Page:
(AFP (eng) 11/20/17)
srael's cabinet voted on Sunday to close a migrant detention centre, as Prime Minister Benjamin Netanyahu announced an agreement to deport 40,000 Africans who entered the country illegally. Ministers unanimously approved plans to shutter the Holot centre in southern Israel and gave migrants a three-month deadline to leave the country or face deportation, said the interior and public security ministries. "The infiltrators will have the option to be imprisoned or leave the country," the public security ministry said in a statement. Israeli official figures from June 30 show a total of 38,043 African migrants in the country. They include 27,494 Eritreans and 7,869 Sudanese, and their presence in south Tel Aviv has raised discontent among Israelis there and elsewhere. Speaking...
(AFP (eng) 11/18/17)
he African Union on Friday called for Libyan authorities to investigate "slave markets" of black Africans operating in the conflict-torn nation, following the release of shocking images showing the sale of young men. The demand follows the release of CNN footage of a live auction in Libya where black youths are presented to north African buyers as potential farmhands and sold off for as little as $400. Guinean President Alpha Conde, who is also Chairman of the African Union, demanded an enquiry and prosecutions relating to what he termed a "despicable trade... from another era". Meanwhile Senegal's government. commenting on Facebook, expressed "outrage at the sale of Sub-Saharan African migrants on Libyan soil,"...
(Xinhuanet 11/17/17)
The East African Community (EAC) member states are set to ratify the avoidance of double taxation treaty in order to boost regional integration, a Kenyan official said on Thursday. Barrack Ndegwa, Regional Integration Secretary in the Ministry of EAC, Labor and Social Protection, told Xinhua that heads of states of the EAC have already signed the protocol on double taxation. "What is now remaining is each of the six member states to individually ratify the treaty so that it is operational," Ndegwa said on the sides of the International Film Convention. EAC partner states include Kenya, Uganda, Tanzania, Rwanda, Burundi and South Sudan. Ndegwa said that once the tax treaty is operational, citizens working in other EAC member states will...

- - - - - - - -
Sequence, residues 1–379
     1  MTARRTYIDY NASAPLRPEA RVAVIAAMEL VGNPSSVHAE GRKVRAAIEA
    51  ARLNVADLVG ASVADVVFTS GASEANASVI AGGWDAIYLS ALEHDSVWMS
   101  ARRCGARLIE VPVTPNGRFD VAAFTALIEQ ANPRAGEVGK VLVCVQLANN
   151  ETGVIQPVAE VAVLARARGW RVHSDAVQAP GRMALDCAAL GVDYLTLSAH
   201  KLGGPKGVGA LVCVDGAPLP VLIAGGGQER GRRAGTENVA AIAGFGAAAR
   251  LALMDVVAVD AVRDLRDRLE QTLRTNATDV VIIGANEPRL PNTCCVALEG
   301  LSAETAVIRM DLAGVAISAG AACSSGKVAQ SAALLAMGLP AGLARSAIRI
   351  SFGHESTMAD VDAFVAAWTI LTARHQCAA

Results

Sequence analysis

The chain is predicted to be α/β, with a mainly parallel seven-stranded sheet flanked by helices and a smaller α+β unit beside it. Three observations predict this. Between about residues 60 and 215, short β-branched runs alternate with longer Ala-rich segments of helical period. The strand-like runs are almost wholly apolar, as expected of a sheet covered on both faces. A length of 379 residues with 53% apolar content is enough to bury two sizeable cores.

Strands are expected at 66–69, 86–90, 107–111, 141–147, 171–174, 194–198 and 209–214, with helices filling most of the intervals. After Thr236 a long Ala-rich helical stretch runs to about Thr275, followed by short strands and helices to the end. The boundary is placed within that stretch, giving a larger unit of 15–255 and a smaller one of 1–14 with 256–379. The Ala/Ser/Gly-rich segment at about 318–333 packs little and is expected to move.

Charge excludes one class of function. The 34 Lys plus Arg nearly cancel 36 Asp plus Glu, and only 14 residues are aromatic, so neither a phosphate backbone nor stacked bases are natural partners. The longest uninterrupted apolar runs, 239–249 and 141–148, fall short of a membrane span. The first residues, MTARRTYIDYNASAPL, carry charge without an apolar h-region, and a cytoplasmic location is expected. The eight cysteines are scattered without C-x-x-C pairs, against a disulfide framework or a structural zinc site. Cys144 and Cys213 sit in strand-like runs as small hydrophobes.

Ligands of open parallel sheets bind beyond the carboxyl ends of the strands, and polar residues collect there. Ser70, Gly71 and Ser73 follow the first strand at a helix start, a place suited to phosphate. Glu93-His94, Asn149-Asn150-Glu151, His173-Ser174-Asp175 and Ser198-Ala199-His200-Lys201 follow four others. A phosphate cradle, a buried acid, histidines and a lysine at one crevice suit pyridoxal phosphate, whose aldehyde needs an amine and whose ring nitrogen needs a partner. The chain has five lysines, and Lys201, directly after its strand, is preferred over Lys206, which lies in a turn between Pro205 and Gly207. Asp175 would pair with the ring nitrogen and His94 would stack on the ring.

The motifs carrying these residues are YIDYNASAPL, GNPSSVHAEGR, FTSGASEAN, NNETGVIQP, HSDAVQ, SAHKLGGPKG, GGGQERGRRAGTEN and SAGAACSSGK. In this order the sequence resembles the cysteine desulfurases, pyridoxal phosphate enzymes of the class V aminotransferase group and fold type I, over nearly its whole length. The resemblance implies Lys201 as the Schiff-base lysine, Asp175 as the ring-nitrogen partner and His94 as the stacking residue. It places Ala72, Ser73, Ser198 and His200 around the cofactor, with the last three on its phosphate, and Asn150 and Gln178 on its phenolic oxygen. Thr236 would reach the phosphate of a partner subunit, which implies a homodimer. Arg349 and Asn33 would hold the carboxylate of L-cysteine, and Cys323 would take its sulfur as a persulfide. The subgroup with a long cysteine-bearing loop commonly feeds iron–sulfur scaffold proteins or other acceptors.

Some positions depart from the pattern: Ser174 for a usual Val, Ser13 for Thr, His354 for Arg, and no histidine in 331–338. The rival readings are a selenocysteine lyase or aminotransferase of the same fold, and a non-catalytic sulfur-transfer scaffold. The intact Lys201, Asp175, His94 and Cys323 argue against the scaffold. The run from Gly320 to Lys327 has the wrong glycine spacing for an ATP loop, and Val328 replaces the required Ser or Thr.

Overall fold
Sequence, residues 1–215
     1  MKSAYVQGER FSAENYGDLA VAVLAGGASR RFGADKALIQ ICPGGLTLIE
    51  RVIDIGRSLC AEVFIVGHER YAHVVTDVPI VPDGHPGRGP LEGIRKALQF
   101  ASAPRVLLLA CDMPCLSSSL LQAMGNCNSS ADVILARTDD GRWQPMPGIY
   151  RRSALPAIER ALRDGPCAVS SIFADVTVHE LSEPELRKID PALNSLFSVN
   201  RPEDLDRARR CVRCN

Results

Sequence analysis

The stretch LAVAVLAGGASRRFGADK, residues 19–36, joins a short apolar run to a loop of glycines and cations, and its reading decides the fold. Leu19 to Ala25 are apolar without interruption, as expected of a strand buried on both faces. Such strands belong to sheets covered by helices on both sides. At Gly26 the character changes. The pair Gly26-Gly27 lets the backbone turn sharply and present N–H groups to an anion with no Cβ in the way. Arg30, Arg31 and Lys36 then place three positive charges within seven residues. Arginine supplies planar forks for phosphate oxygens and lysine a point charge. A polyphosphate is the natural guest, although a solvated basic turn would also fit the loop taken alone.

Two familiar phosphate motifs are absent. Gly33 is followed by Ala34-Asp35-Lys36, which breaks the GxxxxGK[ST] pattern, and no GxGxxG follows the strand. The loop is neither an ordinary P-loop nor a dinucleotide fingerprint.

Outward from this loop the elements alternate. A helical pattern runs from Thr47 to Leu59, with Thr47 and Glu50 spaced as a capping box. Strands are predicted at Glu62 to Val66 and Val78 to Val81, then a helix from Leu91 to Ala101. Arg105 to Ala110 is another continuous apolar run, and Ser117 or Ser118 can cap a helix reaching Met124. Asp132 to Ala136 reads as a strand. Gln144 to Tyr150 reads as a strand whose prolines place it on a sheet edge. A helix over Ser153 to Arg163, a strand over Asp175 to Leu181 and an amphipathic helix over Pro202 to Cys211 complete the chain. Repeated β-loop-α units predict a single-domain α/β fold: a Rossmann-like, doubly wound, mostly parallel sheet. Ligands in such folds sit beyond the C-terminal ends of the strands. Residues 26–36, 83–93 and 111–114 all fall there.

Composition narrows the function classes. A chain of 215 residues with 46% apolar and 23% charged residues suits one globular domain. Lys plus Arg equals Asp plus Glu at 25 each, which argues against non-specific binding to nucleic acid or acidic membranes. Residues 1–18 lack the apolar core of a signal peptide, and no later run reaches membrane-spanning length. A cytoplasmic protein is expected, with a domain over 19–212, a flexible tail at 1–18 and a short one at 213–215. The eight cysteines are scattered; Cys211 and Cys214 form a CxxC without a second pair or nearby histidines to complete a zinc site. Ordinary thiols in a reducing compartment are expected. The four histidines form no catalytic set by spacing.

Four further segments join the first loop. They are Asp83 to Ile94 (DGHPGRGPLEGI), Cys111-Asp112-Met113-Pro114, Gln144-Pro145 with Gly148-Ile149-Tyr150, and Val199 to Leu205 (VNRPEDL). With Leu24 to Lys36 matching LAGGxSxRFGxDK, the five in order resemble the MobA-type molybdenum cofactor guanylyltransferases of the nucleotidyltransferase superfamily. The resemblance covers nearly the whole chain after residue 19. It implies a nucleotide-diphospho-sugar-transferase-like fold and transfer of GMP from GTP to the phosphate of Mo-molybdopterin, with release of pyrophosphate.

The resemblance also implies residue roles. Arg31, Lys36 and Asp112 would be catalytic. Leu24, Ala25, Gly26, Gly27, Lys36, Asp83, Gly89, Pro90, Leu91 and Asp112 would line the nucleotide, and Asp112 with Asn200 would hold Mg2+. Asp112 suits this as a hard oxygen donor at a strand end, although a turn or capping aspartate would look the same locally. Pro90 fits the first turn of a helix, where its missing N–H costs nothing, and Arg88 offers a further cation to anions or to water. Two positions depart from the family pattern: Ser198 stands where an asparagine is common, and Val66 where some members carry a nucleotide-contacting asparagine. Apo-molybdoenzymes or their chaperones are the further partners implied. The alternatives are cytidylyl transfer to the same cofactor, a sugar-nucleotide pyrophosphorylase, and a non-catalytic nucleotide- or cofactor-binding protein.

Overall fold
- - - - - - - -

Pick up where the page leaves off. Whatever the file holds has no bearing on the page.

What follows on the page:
(AFP (eng) 11/17/17)
Africa is making only faltering progress towards food and nutrition security, the UN's Food and Agriculture Organization (FAO) has warned. "Multiple forms of malnutrition coexist, with countries experiencing simultaneously high rates of child undernutrition or anaemia as well as high rates of obesity," it says in a new report, Regional Overview of Food Security and Nutrition. In sub-Saharan Africa, "progress towards the World Health Assembly global nutrition targets has been generally poor," the Rome-based agency says, referring to goals to end hunger by 2025. The annual document came out Thursday at the start of a two-day food and health seminar in Ivory Coast's economic capital, Abidjan. Around 200 people from 47 African nations are gathered to discuss "sustainable food systems...
(Reuters (Eng) 11/14/17)
KIGALI (Reuters) - The global airline industry has $1.2 billion blocked in nine dollar-strapped African countries, the International Air Transport Association (IATA) said on Monday. The global commodities price crash that began in 2014 hit economies across Africa hard, particularly big resource exporters such as Angola and Nigeria. Low oil and mineral prices have reduced government revenue and caused chronic dollar shortages and immense pressure on local currencies. The fiscal slump has meant governments have not allowed foreign airlines to repatriate their dollar profits in full. At an aviation meeting in the Rwandan capital, IATA’s Vice President for Africa, Raphale Kuuchi, said that airlines were in talks with “a few governments to unblock airline funds”. He did not specify the...